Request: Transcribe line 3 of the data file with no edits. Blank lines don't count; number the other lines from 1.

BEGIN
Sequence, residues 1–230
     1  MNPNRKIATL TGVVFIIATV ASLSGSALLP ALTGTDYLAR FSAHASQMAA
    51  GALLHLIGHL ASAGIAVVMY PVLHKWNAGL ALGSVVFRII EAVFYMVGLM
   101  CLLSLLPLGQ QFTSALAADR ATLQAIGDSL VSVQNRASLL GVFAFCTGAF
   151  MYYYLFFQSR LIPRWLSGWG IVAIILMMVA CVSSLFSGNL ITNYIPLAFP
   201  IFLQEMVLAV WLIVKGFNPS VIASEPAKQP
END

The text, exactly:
    51  GALLHLIGHL ASAGIAVVMY PVLHKWNAGL ALGSVVFRII EAVFYMVGLM